The FBI investigation alleged that William Singer, the master-mind behind the scandal, grossed $25 million. Mr. Singer pleaded guilty. Interestingly, there are payments from parents, individuals and foundations to colleges that some might consider bribery, yet are completely legal. Billionaire and former mayor of New York City, Michael Bloomberg, according to the Chronical of Higher Education, contributed $1.8 Billion, $350 million and another $350 million, totaling $2.5 Billion to John Hopkins University. Similarly, the University of Southern California, also according to ‘The Chronicle,’ received two contributions of $200 million, one of $175 million, two $150,000 gifts and three contributions of approximately $115 million each recently. Did these charitable contributions benefit the donor and their descendants? That answer is beyond the scope of this blog. But, just this week, hip-hop icon Dr. Dre celebrated on Instragram his daughter gaining admission to USC. Do a little research and you’ll find that Dr. Dre and Jimmy Iovine donated $70 million to USC in 2013.


Interestingly, this scandal follows another scandal where several Asian American groups are suing Harvard University, claiming Harvard uses illegal racial quotas in the admissions process. On the opposite side of the continent in California where the University of California 10-campus and 280,000 student system exists, the average percentage of Asian students hovers near 40%, with UC Irvine at 58% Asian, stark contrast to elite colleges that prefer holistic admission over grades and test scores.


It should also be noted that elite colleges have institutional needs that the entering class addresses through their a holistic admissions process, a process that promotes ‘diversity and excellence.’ Elite colleges are not looking, except for perhaps MIT, only valedictorians, straight A students and perfect SAT/ACT scores. The reason is that that valedictorians may not be elite athletes, may not have strong leadership skills and may not have exceptional social skills. In other words, the top students score well on tests. But, according to Gardner, there are 9 types of intelligences (i.e. musical, logical, athletic, interpersonal, etc.) that are not be measured by SAT/ACT scores and GPA. Valedictorians may lack the skill set that optimally advances the student body, the university and society beyond just doing well on tests. Studies and evidence support the premise that ‘exceptional and diverse’ student bodies benefit the students and faculty, the university and society.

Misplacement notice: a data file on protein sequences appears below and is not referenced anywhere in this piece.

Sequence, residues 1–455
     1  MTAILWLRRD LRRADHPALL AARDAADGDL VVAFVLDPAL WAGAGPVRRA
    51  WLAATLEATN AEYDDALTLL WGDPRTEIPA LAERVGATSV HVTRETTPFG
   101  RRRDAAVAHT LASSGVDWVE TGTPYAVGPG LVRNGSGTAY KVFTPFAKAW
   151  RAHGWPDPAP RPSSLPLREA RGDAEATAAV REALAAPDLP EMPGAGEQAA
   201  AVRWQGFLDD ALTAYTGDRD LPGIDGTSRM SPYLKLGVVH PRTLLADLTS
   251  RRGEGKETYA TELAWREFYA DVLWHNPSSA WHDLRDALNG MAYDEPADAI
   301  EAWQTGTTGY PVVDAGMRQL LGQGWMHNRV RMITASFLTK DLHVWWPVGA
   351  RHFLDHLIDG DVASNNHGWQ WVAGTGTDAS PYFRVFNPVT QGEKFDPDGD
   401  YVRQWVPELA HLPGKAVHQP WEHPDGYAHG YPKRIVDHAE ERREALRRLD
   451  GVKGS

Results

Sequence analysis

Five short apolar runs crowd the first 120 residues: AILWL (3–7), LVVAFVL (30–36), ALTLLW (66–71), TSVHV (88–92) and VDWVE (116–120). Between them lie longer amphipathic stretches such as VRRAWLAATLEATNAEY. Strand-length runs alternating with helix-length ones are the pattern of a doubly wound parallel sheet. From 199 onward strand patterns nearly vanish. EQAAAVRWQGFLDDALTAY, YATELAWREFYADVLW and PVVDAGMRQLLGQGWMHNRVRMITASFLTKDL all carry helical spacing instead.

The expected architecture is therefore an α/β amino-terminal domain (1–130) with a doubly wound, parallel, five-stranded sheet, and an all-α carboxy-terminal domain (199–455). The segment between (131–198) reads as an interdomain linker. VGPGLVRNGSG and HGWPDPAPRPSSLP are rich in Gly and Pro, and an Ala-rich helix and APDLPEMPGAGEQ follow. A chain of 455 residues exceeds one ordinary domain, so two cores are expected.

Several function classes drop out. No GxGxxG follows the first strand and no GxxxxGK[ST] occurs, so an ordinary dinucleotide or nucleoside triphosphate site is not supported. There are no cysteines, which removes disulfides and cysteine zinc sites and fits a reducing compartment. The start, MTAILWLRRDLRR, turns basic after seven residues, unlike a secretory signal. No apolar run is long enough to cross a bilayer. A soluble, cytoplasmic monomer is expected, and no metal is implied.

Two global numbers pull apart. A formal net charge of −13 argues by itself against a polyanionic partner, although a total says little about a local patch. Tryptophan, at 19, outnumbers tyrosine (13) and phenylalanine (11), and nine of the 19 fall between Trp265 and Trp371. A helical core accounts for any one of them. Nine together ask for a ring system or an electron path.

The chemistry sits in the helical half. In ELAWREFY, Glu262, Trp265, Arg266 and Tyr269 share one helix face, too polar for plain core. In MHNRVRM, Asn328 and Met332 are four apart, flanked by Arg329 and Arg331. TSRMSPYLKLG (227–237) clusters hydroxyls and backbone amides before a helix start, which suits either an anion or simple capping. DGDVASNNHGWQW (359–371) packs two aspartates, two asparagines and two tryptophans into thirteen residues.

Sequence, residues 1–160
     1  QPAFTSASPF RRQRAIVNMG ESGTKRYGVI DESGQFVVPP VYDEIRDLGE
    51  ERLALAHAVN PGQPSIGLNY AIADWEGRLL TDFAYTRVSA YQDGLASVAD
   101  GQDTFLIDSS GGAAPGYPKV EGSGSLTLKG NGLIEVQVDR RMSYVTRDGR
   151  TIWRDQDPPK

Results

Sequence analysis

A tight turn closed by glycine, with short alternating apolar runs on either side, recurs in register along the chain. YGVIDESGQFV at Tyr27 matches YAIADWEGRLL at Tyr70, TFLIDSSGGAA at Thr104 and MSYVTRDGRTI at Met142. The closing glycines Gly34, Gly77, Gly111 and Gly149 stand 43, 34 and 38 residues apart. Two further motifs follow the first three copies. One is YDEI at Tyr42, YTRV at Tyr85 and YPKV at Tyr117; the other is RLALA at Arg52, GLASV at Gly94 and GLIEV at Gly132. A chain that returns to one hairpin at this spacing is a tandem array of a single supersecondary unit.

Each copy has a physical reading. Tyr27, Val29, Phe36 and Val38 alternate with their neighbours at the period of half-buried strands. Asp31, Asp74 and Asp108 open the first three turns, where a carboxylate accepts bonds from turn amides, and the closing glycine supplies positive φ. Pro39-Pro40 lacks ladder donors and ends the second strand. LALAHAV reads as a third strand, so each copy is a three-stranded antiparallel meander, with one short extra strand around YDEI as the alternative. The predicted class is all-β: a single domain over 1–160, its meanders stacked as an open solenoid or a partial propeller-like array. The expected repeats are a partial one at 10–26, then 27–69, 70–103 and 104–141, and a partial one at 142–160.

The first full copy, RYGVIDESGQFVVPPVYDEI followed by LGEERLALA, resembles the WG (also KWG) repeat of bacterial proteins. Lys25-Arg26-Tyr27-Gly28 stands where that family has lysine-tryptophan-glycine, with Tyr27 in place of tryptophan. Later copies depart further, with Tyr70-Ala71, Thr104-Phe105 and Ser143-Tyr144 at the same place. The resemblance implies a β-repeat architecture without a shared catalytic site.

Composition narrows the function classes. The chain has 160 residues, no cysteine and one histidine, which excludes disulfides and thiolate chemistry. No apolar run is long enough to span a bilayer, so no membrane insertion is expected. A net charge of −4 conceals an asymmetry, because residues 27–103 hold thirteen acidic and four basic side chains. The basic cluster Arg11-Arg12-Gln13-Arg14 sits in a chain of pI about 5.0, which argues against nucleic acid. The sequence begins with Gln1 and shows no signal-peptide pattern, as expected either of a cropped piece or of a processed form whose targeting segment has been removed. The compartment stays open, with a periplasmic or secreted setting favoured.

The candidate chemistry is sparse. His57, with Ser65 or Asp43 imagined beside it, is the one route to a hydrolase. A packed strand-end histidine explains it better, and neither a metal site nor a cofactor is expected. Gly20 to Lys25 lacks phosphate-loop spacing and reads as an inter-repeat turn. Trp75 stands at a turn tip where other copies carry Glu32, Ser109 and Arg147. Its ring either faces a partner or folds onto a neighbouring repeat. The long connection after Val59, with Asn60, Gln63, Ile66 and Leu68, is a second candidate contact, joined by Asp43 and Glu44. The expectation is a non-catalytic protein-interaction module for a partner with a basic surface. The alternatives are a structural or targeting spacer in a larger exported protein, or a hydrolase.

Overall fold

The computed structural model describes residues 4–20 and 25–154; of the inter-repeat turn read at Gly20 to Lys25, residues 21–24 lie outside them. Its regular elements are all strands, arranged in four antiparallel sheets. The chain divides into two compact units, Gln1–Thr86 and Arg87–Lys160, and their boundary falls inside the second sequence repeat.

Elite colleges not only prioritize academically exceptional students, but those that are:

  • First Generation (first in their family including parents)
  • Underserved (minority and the poor)
  • Pell Grant recipients (low-income)
  • Legacy (parents are alumni)
  • Student Athletes (intercollegiate, club and intramural)
  • Out-of-state (pay full tuition at public schools)
  • International (pay full tuition and without student loans)
  • Gender (school may historically have many males than females, but wants to balance the ratio
  • Developmental (students of parents that are major donors)


The bottom line is that there are not enough spots at elite programs to admit everyone that is qualified. The admissions system is complicated. Is it broken? Can it be improved? Law suits, criminal investigations and college internal reviews need to play out. We live in a democracy and college admissions need to appear fair, need to embody fairness, and need to exhibit integrity on the part of students, parents and the colleges. It must also benefit both individuals and society. If a football quarterback and coach cheat or the referees make a horrendous call that influences the outcome of the Super Bowl Championship football game, the public is rightfully annoyed and frustrated. Furthermore, if college consultants guarantee college admissions at elite colleges through bribery, racketeering, cheating and fraud, and if parents are naïve enough to believe that this is right rather than wrong, the consequences should be swift and severe.

The truth of the matter is that we can do better. Following the path of honesty and integrity is both honorable and respectable. In the words of Marcus Aurelius, “if it is not right, don’t do it. If it is not true, don’t say it.”